Wednesday, June 13, 2012
MP claims magistrates only investigating but not a court case
DATUK Zulkifli Noordin yesterday dismissed as baseless an attempt by the opposition parties to create an issue over a probe by French magistrates into alleged irregularities concerning the Malaysian purchase of two Scorpene submarines.
Kulim Bandar Baru independent member of parliament Datuk Zulkifli Nordin says the submarine probe is a non-issue in France
The former lawyer of Parti Keadilan Rakyat de facto leader Datuk Seri Anwar Ibrahim said he was aware of a plan by leaders of opposition parties who wanted to create an issue out of the submarines’ purchase in an effort to link it to Prime Minister Datuk Seri Najib Razak.
“I’ve said so many times before, there is no such connection.
“If there was, I would had used it then.
“I didn’t because there is none,” he said.
Zulkifli, who was met at the Parliament lobby yesterday, said the Scorpene submarine issue was a non-issue in France as the authorities there were just investigating the matter instead of it being a court case.
“In France, a magistrate is the investigating authority and when they investigate, it is not a court proceeding.
“It is a normal investigation.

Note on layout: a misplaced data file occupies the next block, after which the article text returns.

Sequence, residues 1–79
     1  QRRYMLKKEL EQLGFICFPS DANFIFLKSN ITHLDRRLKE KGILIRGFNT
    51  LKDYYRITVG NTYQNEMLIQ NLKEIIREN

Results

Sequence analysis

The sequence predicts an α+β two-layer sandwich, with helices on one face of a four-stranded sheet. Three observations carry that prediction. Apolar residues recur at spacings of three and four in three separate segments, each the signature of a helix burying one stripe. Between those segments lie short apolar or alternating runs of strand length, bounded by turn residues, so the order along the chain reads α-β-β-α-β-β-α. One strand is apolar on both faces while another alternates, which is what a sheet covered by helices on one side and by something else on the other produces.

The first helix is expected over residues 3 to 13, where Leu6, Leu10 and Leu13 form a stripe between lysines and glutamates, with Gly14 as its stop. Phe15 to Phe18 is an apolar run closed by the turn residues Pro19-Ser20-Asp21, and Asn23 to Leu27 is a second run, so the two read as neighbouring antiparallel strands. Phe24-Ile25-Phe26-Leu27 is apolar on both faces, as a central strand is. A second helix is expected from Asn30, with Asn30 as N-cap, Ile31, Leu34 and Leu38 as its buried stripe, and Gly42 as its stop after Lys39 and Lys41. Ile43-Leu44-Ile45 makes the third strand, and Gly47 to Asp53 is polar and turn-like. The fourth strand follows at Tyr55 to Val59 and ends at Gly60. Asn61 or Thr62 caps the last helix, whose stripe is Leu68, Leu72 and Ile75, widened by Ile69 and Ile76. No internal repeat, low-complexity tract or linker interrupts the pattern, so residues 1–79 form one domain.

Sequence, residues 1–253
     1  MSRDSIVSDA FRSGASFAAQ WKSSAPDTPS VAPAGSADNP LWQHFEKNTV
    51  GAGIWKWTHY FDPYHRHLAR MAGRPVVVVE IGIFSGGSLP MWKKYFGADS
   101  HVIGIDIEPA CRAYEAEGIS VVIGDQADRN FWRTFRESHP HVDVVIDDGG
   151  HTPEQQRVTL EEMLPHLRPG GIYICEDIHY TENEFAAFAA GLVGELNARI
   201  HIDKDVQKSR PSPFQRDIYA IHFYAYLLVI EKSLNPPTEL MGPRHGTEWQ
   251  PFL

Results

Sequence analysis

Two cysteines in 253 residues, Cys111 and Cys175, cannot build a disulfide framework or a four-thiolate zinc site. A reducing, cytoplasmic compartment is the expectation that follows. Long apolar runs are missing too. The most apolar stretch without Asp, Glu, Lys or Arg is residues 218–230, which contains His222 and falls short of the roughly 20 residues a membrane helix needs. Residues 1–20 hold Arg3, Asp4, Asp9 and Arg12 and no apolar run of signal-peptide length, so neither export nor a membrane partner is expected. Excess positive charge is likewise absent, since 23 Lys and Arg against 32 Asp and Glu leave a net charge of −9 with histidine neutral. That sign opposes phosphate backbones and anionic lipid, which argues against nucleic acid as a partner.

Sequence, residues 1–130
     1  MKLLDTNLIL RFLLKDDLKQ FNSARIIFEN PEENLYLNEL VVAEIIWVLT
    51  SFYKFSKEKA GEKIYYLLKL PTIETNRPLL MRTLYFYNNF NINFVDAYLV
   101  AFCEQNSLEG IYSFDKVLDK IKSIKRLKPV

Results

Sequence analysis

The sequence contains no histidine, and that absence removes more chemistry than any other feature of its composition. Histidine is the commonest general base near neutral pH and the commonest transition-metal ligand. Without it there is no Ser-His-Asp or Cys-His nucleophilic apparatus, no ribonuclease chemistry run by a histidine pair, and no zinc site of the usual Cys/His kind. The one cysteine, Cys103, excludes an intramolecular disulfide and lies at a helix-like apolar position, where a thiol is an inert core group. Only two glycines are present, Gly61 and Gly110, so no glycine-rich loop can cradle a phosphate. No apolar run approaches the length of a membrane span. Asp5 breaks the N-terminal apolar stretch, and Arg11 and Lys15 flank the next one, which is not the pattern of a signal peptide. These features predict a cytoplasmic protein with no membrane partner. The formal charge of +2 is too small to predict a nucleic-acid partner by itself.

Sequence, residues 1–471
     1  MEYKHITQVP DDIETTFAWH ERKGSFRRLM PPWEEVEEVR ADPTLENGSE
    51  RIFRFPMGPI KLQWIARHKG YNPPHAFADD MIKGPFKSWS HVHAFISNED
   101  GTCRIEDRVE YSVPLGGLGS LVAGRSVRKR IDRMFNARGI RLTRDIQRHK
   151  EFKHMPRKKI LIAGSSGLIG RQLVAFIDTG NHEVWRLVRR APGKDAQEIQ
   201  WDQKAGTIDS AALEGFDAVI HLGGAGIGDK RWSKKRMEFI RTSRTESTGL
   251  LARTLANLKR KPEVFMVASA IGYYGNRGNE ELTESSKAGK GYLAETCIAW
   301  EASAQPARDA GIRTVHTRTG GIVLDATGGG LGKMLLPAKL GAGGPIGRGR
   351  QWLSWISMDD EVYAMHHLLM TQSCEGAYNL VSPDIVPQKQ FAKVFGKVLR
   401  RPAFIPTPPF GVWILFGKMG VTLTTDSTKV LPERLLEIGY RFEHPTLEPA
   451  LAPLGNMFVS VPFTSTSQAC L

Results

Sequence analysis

“So they may or may not proceed with it.
“It’s up to them.” he said.
The Royal Malaysian Navy had acquired the submarines KD Tunku Abdul Rahman and KD Tun Razak in 2009.
On another matter, Zulkifli, who is the Kulim Bandar Baru independent member of parliament, suggested that Bar bodies, similar to those in Sabah and Sarawak, be set up at every state to replace the Bar Council.
This, he said, would ensure greater autonomy to the respective states’ committee.
“The Sabah and Sarawak models have proven to be effective as they can control and regulate their members properly.
“There were hardly any complaints about lawyers from the two states, unlike those in Peninsular Malaysia.”
He expressed his worry that with the impending plan to open up the legal profession to foreign lawyers, the Bar Council may not be able to cope with the influx.
“The current Bar has so many functions and with the incoming new foreign lawyers, I don’t think it can cope,” he said.